Vikings owner Mark Wilf 'very concerned' over team's low vaccination rate

Minnesota Vikings owner Mark Wilf spoke publicly Tuesday morning as the team gears up for its first training camp practice in pads at TCO Performance Center, and said he’s "very concerned" that several players on the team are not vaccinated for COVID-19.

Late last week, quarterback Kellen Mond tested positive, and Kirk Cousins and Nate Stanley were considered high risk close contacts. All three missed the team’s Saturday night practice at TCO Stadium, leaving Jake Browning as the only available quarterback.

Before the start of training camp, offensive line coach Rick Dennison nearly lost his job after declining to get vaccinated. He has since agreed to a senior offensive advisor role that keeps him away from on-field coaching duties.

According to a Washington post report, the Vikings have one of the lowest vaccination rates in the NFL, with 64.5 percent of players fully vaccinated and 70 percent in the process.

"I think it’s safe to say our No. 1 priority is the health and safety of our players, coaches, staff and ultimately the entire community. From that standpoint, we really are encouraging people to get vaccinated. We just want everyone to follow the protocols," Wilf said. "We’re talking about a serious health pandemic. It’s something we want to make sure that our players, our staff, our coaches that they’re full informed of what’s involved here."

Earlier this offseason, Harrison Smith, Sheldon Richardson and Adam Thielen said they had not been vaccinated. Cousins declined to provide his medical information.

The NFL has strict protocols in place this season for non-vaccinated players. Most damaging: If a non-vaccinated player starts an outbreak within a team during the regular season and they can’t play, that team forfeits and takes a loss for playoff seedings.

Clearly frustrated with some of his players for missing practice Saturday due to being in COVID-19 protocols, Vikings coach Mike Zimmer said Monday he "Just didn’t understand" why players wouldn’t get the vaccine. The real possibility exists that key players could miss games in the regular season if they test positive for COVID-19 or are a close contact, and are not vaccinated.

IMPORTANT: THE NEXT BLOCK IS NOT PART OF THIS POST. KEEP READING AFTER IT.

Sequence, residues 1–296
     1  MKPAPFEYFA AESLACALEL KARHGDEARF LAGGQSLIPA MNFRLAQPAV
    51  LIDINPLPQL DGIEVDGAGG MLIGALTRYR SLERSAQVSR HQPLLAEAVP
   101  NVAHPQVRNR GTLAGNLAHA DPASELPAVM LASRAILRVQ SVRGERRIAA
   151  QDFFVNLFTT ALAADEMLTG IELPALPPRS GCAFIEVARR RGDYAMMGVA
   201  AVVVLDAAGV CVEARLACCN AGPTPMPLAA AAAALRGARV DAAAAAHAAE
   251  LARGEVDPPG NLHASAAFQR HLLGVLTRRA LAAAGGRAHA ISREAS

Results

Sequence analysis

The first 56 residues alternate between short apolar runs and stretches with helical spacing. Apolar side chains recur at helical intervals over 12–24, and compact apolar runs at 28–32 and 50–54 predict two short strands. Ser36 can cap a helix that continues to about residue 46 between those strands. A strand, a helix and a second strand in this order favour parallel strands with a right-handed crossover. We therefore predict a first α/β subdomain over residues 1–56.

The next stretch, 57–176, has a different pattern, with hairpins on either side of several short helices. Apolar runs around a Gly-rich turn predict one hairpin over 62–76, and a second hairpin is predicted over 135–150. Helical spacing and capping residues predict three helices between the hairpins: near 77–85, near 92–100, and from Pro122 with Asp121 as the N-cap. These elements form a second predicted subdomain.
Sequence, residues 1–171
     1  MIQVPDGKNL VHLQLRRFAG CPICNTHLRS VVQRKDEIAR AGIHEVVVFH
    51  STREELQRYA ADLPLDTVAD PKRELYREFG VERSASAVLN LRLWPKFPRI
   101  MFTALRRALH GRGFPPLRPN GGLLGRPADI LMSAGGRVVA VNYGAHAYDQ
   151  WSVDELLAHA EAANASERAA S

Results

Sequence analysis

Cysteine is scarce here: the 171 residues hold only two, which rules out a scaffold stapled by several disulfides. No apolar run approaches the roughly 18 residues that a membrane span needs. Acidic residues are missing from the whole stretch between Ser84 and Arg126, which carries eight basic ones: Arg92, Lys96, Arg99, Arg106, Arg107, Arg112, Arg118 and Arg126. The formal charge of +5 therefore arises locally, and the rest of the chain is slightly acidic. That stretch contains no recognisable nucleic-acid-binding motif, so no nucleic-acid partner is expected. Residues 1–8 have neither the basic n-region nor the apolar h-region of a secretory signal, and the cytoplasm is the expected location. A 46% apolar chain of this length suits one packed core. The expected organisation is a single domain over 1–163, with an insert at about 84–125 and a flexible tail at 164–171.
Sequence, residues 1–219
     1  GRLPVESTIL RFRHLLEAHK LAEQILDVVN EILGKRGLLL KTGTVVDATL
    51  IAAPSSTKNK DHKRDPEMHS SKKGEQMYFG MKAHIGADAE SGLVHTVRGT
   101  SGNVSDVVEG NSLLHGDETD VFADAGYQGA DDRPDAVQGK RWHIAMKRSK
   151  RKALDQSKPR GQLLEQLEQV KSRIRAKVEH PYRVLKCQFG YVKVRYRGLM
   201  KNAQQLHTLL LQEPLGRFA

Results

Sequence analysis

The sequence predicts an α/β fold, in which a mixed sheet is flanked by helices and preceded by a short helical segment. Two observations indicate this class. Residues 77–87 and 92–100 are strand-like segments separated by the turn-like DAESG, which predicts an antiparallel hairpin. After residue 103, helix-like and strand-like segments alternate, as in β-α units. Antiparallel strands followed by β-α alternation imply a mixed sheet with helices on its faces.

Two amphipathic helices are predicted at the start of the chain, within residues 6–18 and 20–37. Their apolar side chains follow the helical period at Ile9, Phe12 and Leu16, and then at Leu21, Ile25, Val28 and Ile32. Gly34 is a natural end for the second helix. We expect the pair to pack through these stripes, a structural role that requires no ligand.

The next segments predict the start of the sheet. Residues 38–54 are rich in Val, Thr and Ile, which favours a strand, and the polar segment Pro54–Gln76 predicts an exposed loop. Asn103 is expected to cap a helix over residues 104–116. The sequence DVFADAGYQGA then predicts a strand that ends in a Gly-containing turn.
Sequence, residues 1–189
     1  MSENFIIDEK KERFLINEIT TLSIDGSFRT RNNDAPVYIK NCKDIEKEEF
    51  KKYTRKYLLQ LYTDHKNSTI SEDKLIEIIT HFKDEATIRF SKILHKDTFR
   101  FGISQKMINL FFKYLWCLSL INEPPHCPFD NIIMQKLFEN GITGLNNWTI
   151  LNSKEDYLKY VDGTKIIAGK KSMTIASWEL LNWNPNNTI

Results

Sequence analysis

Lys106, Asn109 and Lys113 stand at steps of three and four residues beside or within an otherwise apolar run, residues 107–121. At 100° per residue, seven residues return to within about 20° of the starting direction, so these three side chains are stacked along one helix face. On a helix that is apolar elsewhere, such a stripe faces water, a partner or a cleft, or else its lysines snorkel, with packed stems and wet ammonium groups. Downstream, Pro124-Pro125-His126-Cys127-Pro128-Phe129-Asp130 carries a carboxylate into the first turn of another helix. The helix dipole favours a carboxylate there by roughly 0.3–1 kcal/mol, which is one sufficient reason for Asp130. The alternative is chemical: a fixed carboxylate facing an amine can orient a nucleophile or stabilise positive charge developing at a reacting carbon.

Wilf on Tuesday also talked about the ongoing legal situation with Jeff Gladney, and interest in bringing the NFL Combine and NFL Draft to Minnesota.


The only player full absent from training camp is defensive back Jeff Gladney, who on Tuesday was indicted on one felony count of assault in an April incident involving his girlfriend in Texas. He’s accused of assaulting a woman, squeezing and grabbing her neck, putting an arm against her neck and throat and striking her multiple times over text messages.

Gladney did not participate in any of the Vikings’ offseason workouts, and his status with the team remains up in the air.

"Obviously allegations like these are very disturbing and something that’s concerning to us as ownership and to our organization," Wilf said. We're talking to the league and really working through to understand this better, and as we get more information we'll let you know where we go on this."


Mark Wilf made it clear Tuesday he and the Vikings want the NFL Draft and the NFL Combine in the Twin Cities in the near future. The organization has delivered a formal expression of interest in hosting the NFL Draft for 2025-29, and the NFL Combine for 2023-27.

"I think we proved in Super Bowl 52 that this community knows how to handle big events. There’s a culture here of really embracing big events. We’ve put our hat in the ring, if you will, to compete for those," Wilf said. "We’re encouraging the league to think seriously about this and hopefully they’ll consider us as a great venue for that."